13…a6 14. Ng5 Nf6

It seems that Black is well protected but Black missed a blow. Can you see it?

15. Nxh7!!

Of course you often need to sacrifice something in order break the opponent’s defence when your pieces are placed optimally.

15…Nxh7 16. Rxh7 Kxh7

16. Qh5 was even stronger than the text move.

17. Qh5 Kg8 18. Rh1!

Threatening checkmate.

18…Re8 19. Qxg6

The point of whole combination.

19…Qf6 20. Bxf7+ Qxf7

Now 21. Rh8+ wins the queen and game. Black resigned after one more move.

Ashvin Chauhan

Manufacturing Passed Pawns

Manufacturing passed pawns is a vital endgame skill, but there are a few subtleties which tend not to be covered in most textbooks. Take the position below, which comes from the fantastic new book by Matthew Sadler and Natasha Regan, “Chess for Life”, which I cannot recommend too highly.

The obvious way to create a passed pawn from Black’s majority is to advance the g- and f-pawns, so as eventually to create a passed pawn on the f-file. But this pawn would not then be supported by another pawn (eg. after Black gets his pawns to f4 and g4, then plays f3, and there is an exchange gzxf3, g4xf3, etc).

Instead, Arkell finds a much stronger and more subtle plan. He advances his h-pawn, intending to knock out the White g-pawn, thus leaving a position where he will have g- an f-pawns against White’s h-pawn. The passed black f-pawn will then have the support of its partner the g-pawn, which will make it a much stronger weapon.

The game continued


Now Black has just what he wanted, a supported passed pawn on the f-file. His pawns eventually reached f3 and g4, and he won easily.

Steve Giddins

Resign, Or Play On?

There comes the inevitable moment in my games when I have to ask myself ‘Should I resign now or should I play on a few more moves?’

In this week’s problem, the grandmaster playing White resigned, although he had three moves by his King which held the draw.

Can you see how White can draw this game?

The answer to last week’s problem is that White uses his space advantage on the kingside to win as follows :-

1. Qxg7+ Kxg7 2. Rg3+ Kh6 3. Bc1+ Kh5 4. Be2+ Kxh4 5. Bg5 mate

Steven Carr

Rook Endings (2)

Having been sent the rook ending you saw last week I decided to look at the rook endings in my Richmond Junior Chess Club database to see how young players handled them.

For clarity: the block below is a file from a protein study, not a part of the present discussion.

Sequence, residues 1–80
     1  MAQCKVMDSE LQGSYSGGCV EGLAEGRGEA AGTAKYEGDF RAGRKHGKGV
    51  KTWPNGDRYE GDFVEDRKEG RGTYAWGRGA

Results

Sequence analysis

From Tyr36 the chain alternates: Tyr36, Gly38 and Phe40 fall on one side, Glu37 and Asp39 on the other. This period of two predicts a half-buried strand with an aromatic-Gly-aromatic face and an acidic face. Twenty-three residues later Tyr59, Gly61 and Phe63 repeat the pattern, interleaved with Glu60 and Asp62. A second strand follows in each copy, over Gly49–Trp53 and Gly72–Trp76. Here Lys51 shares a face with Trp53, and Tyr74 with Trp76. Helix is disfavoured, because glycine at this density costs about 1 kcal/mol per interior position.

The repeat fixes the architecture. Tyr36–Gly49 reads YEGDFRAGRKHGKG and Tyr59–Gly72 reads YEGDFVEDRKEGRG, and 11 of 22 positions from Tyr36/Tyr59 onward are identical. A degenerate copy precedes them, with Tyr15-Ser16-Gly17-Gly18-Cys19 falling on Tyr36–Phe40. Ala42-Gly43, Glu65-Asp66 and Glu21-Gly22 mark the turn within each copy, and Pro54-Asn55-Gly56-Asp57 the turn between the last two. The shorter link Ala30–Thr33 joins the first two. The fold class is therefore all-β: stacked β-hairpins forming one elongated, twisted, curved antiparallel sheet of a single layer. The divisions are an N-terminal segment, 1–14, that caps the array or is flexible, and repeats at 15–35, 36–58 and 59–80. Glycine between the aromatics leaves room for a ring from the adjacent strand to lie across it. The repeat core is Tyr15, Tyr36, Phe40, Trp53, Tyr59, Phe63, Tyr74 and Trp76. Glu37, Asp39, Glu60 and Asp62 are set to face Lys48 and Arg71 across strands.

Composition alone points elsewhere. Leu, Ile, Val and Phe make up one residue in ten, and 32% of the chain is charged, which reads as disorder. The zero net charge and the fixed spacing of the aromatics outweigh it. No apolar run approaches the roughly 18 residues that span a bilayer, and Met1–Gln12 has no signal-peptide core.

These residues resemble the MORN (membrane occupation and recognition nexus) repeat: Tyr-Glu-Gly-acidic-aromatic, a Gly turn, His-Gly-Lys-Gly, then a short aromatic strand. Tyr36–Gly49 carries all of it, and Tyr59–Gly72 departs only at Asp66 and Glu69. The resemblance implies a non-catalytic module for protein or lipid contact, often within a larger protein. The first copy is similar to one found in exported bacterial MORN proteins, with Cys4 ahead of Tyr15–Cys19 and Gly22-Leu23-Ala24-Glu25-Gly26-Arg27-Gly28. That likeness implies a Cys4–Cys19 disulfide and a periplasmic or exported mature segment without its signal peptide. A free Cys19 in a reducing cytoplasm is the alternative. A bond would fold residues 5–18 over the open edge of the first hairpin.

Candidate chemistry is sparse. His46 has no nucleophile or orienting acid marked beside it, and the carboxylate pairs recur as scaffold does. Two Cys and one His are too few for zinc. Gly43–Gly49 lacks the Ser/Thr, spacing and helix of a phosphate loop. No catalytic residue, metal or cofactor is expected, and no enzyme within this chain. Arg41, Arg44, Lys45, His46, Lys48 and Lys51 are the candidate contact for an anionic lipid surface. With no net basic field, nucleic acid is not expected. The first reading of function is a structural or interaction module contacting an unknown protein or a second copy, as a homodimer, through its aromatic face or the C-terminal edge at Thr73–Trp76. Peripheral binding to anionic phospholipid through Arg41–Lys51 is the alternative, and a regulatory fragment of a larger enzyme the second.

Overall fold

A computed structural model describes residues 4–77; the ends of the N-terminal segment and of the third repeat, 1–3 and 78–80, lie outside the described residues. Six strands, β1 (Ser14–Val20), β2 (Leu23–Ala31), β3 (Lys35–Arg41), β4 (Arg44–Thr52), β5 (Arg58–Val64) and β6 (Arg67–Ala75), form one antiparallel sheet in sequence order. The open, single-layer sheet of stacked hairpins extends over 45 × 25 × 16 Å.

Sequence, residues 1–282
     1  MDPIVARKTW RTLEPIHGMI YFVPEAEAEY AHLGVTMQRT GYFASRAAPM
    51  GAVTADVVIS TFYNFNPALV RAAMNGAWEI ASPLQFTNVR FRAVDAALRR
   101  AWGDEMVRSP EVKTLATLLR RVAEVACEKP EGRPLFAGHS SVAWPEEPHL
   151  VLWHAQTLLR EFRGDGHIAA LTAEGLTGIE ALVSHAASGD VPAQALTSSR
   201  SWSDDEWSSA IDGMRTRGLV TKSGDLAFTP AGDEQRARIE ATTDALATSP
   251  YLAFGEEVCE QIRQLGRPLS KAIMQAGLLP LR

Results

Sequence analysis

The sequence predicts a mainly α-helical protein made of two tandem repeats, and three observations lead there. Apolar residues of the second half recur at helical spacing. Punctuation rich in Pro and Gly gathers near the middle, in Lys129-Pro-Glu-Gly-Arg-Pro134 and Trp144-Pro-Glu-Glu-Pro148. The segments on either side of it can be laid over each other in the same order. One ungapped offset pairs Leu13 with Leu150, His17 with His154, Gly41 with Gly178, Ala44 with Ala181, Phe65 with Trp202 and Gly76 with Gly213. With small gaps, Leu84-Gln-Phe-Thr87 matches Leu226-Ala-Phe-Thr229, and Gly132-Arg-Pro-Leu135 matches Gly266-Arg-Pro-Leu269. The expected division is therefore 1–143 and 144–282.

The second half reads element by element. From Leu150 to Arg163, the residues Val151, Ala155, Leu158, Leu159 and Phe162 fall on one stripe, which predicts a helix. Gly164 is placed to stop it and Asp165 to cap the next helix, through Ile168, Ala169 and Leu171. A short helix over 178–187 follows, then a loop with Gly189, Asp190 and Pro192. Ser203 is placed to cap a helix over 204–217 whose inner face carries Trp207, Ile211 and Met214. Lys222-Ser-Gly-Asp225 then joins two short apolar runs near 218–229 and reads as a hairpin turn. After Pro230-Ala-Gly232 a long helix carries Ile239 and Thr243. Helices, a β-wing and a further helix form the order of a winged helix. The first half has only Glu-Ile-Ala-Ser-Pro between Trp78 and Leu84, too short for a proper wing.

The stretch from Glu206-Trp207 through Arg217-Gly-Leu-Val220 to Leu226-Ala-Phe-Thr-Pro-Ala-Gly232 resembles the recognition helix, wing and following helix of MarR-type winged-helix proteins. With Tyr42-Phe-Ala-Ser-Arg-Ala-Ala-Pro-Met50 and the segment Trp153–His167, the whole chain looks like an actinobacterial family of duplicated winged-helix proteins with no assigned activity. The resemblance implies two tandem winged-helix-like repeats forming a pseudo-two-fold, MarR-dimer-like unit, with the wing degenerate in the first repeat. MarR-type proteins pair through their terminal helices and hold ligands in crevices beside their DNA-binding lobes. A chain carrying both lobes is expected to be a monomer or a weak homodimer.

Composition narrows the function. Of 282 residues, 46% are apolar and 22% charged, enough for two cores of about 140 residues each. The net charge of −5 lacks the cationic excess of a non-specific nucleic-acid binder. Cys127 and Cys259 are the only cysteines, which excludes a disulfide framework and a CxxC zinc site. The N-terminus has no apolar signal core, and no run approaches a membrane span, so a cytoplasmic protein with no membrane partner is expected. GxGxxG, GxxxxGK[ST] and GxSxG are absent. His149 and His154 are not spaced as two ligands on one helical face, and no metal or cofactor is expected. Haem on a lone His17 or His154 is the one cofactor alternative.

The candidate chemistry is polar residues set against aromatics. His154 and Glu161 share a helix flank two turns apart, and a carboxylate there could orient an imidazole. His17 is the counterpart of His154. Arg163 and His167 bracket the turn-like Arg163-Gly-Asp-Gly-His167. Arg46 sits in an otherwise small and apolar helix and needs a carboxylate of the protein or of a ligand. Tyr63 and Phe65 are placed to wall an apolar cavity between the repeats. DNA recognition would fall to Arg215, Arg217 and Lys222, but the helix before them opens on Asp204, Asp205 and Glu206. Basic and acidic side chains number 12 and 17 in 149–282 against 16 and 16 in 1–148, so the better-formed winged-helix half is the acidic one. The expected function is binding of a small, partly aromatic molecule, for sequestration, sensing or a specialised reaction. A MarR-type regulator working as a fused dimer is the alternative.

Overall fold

I started by looking at endings with rook and pawn against rook.

Before you learn rook and pawn against rook you’ll need to know how to mate with king and rook against king (obviously) and have a complete knowledge of all king and pawn against king positions. At any point one player will be trying to trade rooks while the other player will be trying to keep rooks on the board. At lower levels, of course, this knowledge is sometimes lacking.

There were several games where this sort of thing happened. Black, in a position which should be a comfortable draw, decided to play Rxf4+. I guess this is caused by false logic. Black thinks “If my opponent gets a queen I’ll be 9 points behind, so I should capture the pawn now when I’ll only be 5 points behind”. Time and time again, if you ask children why they played their move, they will give an answer involving some sort of false logic. He saw that he’d lose his rook but thought it was the right thing to do.

Children at this level also tend to think in terms of threats rather than plans. This policy might work well in your primary school chess club, but at higher levels you need something more. In endings, more than any other part of the game, you need a plan. The man with the plan wins. In this position White’s winning because the black king is cut off. His plan should be to bring his king across to support the pawn’s advance while using his rook to stop the enemy monarch approaching. Instead he saw the chance to create a threat and played Kf6. Black was alert to the possibility of a skewer and White’s win turned into a loss.

Several lessons from this:
1. You need to operate with plans rather than immediate threats.
2. You need to watch out for skewers in rook endings.
3. You need to remember the idea of using your rook to cut off the enemy king.

This is similar to our first example, but perhaps White had a different reason. Up to this point White had defended impeccably, but now forgot that he could continue checking and thought the only way to stop the immediate mate was to play Rxg3. If you know the Philidor position you’ll know that Rf1+ is an easy draw.

Black has an extra pawn but should only draw. Instead, she played a natural move, pushing her passed pawn to h4. Sadly for her, a rook check will drive her king away and she will lose her rook. Another game where the rook beats the rook and pawn, and another tactical idea you need to know.

One more lesson:
4. Look out for positions where a rook is defended by a king: a rook check might force the king away from defending the rook or into a potential skewer.

At the end of a long game, when you don’t have much time left on the clock, it’s all too easy to forget to ask yourself the Magic Question (if I play that move what will my opponent do next?). In this position Black promoted his pawn without enough thought, and yet another skewer cost him his new queen. Instead he had four winning moves, Kf1, Kf2, Rh3 and the attractive Rf3+, when, if Black captures, it’s White who has a skewer.

Next time we’ll look at some slightly more complicated endings with rook and pawn against rook, so stay tuned.

Richard James